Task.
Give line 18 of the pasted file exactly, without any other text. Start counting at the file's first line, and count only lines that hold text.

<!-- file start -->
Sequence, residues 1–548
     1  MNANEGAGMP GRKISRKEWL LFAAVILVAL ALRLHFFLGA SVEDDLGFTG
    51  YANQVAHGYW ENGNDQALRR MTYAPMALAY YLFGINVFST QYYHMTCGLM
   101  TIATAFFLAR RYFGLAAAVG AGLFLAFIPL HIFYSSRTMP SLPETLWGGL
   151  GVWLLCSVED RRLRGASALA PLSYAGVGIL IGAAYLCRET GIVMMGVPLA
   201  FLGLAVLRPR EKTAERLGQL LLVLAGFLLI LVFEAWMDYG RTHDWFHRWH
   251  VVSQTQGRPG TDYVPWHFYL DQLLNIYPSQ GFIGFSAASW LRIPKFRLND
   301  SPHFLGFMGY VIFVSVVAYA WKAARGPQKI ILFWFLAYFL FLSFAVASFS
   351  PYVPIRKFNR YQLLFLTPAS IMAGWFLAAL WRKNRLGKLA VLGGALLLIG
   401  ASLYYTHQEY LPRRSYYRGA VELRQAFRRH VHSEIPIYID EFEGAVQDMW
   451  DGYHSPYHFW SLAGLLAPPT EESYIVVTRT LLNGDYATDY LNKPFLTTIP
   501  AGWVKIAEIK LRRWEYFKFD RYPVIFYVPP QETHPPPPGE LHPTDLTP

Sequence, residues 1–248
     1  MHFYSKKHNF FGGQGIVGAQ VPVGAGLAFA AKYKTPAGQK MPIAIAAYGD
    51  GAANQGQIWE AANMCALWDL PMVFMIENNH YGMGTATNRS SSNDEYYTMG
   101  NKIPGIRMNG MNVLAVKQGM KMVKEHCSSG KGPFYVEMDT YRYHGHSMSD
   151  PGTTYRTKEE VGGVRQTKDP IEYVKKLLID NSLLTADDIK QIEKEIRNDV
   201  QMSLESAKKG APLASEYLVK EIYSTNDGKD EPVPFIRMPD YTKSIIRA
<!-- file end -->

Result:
   201  QMSLESAKKG APLASEYLVK EIYSTNDGKD EPVPFIRMPD YTKSIIRA